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  • Author: Michael Knights
  • Publication Date: 08-2010
  • Content Type: Policy Brief
  • Institution: The Washington Institute for Near East Policy
  • Abstract: When Congress returns from its summer recess after Labor Day, the Department of Defense will provide informal notification of the U.S. intention to sell up to $60 billion in military equipment to Saudi Arabia. The likely deal is part of a U.S. commitment predating the Obama administration to strengthen regional allies in the face of a growing threat from Iran. For the Saudis, the transaction represents a clear return to considering the United States as its principal arms supplier, a position the Americans risked losing to France as recently as 2006.
  • Topic: International Relations, Foreign Policy, International Security
  • Political Geography: United States, Iran, Middle East, Arab Countries, Saudi Arabia
  • Author: Rana Shaab, Nicholas Ravella, Nathan Hodson, Daniel Fink
  • Publication Date: 07-2006
  • Content Type: Policy Brief
  • Institution: The Washington Institute for Near East Policy
  • Abstract: The outbreak of hostilities after Hizballah's July 12 raid into Israel, in which it captured two Israeli soldiers and killed eight others, has elicited a variety of responses from government officials and other prominent figures throughout the Middle East. Though it is not surprising to see harsh statements about Israel, it is unusual to see Arab leaders criticizing Hizballah for its role in precipitating the conflict. The usually cautious Saudi authorities implicitly criticized Hizballah for adventurism; is seems that Riyadh may be wary of Iranian influence. The following is a sampling of Middle Eastern reactions, compiled from various regional and international media sources.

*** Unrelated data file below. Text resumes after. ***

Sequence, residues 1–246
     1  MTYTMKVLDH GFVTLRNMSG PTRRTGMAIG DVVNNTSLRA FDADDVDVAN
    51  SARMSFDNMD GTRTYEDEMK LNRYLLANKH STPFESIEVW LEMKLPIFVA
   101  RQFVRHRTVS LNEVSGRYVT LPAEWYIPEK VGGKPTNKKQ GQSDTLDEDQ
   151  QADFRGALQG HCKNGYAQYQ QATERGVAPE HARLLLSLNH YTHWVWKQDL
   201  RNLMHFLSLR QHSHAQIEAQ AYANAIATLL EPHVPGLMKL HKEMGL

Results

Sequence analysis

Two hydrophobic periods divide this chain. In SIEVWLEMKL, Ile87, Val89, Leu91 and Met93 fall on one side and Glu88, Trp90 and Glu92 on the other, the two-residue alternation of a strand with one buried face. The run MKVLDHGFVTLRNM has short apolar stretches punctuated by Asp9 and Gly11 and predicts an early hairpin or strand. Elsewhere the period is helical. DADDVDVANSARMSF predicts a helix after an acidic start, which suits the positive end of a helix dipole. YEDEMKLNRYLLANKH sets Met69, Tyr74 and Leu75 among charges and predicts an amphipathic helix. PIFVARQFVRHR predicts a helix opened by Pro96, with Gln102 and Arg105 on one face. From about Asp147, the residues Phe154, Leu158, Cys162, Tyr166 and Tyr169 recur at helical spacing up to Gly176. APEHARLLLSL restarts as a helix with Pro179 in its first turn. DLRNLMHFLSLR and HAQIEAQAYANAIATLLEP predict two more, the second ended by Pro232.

• Topic: International Relations, Government
  • Political Geography: Middle East, Israel, Arab Countries, Lebanon
  • Author: Rovert Satloff
  • Publication Date: 03-2001
  • Content Type: Policy Brief
  • Institution: The Washington Institute for Near East Policy
  • Abstract: In the Middle East, this week witnessed a series of events occurring at such breakneck speed that it is important not to lose the significance of each: On Thursday, President Bush issued an unprecedented statement calling on Chairman Yasir Arafat to "stop the violence," a statement that could lay down a marker by which the administration judges the efforts of the Palestinian Authority (PA) and which could determine the direction of the U.S.–Palestinian relationship under the new administration. On Wednesday, Israel's national unity government launched retaliatory attacks against Arafat's personal guard, Force 17, underscoring Israel's intent to hold the chairman personally responsible for the terrorism emanating from within his close circle. On Monday and Tuesday, bombs went off inside the heart of Israel — responsibility for which was claimed by the Iranian-backed Palestinian Islamic Jihad, suggesting that Tehran is eager to tap pro-Hizballah sympathy and compete with the Tanzim and other Fatah elements for the pacesetter's role in the Palestinian uprising. Also on Tuesday, the PA chose an all-or-nothing option at the United Nations, demanding a Security Council vote on a resolution that the United States had no trouble vetoing — one calling for an international protection force for Palestinians — rather than pursuing diplomacy to bring to a vote a watered-down, but still problematic, resolution on which Washington was prepared to compromise. And on Sunday, Israel's Likud-led government issued a communique affirming its intent to seek the full implementation of signed agreements with the Palestinians, specifically citing its willingness to fulfill the requirement for a third "further redeployment" — territorial withdrawal in the West Bank — in the context of full compliance with the Wye River Memorandum. Each of these items alone has significant ramifications for the direction of Arab–Israeli relations, the Palestinian uprising, and U.S. policy toward the peace process. Taken together, they suggest a situation in great flux with emerging trends that are both ominous (e.g., Iran's deepening role) and positive (e.g., Bush's forthrightness on violence, Israel's balance of diplomacy and force).
  • Topic: International Relations, Foreign Policy, International Organization
  • Political Geography: United States, Washington, Middle East, Israel, Tehran, Palestine, Arab Countries